Marianne Akumu, 33, began to study the conflict in Northern Uganda to understand why fighting in her country, which had been besieged by the Lord’s Resistance Army (LRA), had continued for more than a decade. Her research led her to an interest in new methods of peace-keeping. Beyond her BL in Law from the University of Reading and ML in Governance from the University of Warwick, Akumu’s lifelong exposure to the negative effects of the LRA conflict on members of her community showed her firsthand how conflicts provoke new conflicts when those affected do not receive adequate tools and resources to rebuild their lives.

Her initial exposure of the conflict in Northern Uganda came from her best friend, who was unable to visit relatives for Christmas. This initial social context situated Akumu’s study within the context of individuals within communities, which paid off when she developed a methodology to mediate Ugandan clans and communities who live in the same areas yet may have different interests. This procedure is forward-oriented; as Akumu puts it, “when an agreement is reached between the parties on how they will continue to live peacefully, a social contract is signed [which details] all those different aspects.”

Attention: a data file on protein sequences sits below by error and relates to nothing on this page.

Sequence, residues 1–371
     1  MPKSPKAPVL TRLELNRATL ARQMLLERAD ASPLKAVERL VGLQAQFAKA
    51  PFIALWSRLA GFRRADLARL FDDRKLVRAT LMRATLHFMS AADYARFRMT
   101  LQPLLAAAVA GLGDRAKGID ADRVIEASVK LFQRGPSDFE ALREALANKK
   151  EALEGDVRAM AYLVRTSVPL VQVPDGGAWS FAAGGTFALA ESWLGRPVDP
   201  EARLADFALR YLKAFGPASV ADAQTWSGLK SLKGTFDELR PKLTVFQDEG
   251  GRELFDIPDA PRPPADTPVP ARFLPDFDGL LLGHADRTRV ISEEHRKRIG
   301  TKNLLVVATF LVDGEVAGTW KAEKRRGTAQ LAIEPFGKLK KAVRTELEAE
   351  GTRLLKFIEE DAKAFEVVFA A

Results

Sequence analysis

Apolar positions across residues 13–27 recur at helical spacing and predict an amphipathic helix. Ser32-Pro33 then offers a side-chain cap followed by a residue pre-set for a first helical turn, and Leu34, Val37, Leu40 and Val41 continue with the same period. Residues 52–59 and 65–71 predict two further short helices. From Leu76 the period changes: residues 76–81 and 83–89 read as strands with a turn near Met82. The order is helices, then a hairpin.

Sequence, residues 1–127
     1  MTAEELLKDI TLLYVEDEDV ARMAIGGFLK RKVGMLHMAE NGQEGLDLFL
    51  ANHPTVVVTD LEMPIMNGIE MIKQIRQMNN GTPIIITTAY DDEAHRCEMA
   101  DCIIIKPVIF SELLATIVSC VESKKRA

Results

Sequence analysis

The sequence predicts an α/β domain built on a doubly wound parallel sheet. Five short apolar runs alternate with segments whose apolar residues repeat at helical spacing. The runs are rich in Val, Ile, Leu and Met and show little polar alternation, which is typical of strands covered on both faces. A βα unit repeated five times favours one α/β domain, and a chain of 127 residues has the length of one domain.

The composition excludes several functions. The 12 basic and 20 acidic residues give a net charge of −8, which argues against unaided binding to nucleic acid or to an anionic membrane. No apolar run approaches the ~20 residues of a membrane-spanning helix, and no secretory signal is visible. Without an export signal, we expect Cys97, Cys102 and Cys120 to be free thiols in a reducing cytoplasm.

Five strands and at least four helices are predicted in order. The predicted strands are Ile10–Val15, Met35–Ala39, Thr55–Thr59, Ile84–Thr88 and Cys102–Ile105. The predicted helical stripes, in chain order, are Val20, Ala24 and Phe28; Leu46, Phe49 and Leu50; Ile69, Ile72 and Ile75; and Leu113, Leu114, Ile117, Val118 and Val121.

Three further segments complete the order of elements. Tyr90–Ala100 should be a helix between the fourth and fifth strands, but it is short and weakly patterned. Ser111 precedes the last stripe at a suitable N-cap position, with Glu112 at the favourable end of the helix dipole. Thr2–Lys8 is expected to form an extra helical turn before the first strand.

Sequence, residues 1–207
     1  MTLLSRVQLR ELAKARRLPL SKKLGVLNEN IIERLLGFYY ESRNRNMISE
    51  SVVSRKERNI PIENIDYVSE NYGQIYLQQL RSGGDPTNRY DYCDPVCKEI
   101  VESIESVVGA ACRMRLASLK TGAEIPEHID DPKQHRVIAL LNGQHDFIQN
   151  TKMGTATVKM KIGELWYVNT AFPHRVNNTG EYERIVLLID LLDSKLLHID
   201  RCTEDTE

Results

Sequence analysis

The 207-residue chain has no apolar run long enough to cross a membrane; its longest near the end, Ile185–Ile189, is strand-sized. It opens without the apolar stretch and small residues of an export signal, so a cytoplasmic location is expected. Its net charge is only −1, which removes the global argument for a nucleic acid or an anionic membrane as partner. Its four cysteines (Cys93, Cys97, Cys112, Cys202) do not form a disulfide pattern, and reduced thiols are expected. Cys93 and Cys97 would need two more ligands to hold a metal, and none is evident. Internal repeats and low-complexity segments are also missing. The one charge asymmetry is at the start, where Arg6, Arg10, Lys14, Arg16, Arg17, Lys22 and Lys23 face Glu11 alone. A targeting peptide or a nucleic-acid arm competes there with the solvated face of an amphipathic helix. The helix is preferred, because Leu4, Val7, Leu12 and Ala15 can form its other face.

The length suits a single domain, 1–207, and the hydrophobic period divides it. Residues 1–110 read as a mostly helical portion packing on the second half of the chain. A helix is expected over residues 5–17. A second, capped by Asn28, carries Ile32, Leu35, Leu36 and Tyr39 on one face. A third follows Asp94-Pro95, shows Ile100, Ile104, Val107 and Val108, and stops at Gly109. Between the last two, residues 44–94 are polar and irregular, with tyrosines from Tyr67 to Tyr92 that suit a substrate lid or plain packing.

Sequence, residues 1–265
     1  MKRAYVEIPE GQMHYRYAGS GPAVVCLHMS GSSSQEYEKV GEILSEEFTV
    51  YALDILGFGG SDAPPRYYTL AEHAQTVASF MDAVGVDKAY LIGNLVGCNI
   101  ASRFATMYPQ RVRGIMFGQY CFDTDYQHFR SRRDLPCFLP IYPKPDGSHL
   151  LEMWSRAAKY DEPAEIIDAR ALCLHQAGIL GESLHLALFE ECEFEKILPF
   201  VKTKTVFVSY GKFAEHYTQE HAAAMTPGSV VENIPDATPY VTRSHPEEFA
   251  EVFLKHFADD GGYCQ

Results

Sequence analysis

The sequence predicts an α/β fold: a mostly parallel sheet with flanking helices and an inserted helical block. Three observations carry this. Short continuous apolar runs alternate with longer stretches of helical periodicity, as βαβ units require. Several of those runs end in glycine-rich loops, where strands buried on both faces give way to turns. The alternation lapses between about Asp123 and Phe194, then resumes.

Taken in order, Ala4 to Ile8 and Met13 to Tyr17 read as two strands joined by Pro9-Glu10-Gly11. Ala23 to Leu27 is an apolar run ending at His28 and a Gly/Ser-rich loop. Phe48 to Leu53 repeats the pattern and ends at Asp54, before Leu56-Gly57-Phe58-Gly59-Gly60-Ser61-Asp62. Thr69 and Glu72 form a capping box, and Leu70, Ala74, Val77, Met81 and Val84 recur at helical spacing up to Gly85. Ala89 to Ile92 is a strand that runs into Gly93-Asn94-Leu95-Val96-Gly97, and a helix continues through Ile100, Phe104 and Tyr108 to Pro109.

Prior to joining the Obama Foundation Scholars program, Akumu worked on the issues of transitional justice, humanitarian response and gender for the Agency of Co-operation and Research in Development as a Transitional Justice Coordinator. Akumu credits her mother, who she says has set an example a lasting and positive impact upon the world, for her commitment to these causes; her influence helps Akumu as she works to prevent the predictable repetition of conflicts. 

“I am excited to meet and engage with young people from across the globe who are seeking and providing solutions to global problems. I look forward to the opportunity to interact with, learn from and be inspired by people creating positive change in their communities.”